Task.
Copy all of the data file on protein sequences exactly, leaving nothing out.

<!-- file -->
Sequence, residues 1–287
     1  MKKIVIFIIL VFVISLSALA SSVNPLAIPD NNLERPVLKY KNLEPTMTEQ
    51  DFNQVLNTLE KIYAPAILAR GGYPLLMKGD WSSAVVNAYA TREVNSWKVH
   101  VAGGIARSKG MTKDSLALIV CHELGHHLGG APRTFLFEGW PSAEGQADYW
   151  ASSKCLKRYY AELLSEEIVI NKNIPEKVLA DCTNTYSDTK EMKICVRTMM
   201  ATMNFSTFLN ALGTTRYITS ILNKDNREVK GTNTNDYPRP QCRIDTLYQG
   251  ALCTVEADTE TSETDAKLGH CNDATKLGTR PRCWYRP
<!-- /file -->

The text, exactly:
Sequence, residues 1–287
     1  MKKIVIFIIL VFVISLSALA SSVNPLAIPD NNLERPVLKY KNLEPTMTEQ
    51  DFNQVLNTLE KIYAPAILAR GGYPLLMKGD WSSAVVNAYA TREVNSWKVH
   101  VAGGIARSKG MTKDSLALIV CHELGHHLGG APRTFLFEGW PSAEGQADYW
   151  ASSKCLKRYY AELLSEEIVI NKNIPEKVLA DCTNTYSDTK EMKICVRTMM
   201  ATMNFSTFLN ALGTTRYITS ILNKDNREVK GTNTNDYPRP QCRIDTLYQG
   251  ALCTVEADTE TSETDAKLGH CNDATKLGTR PRCWYRP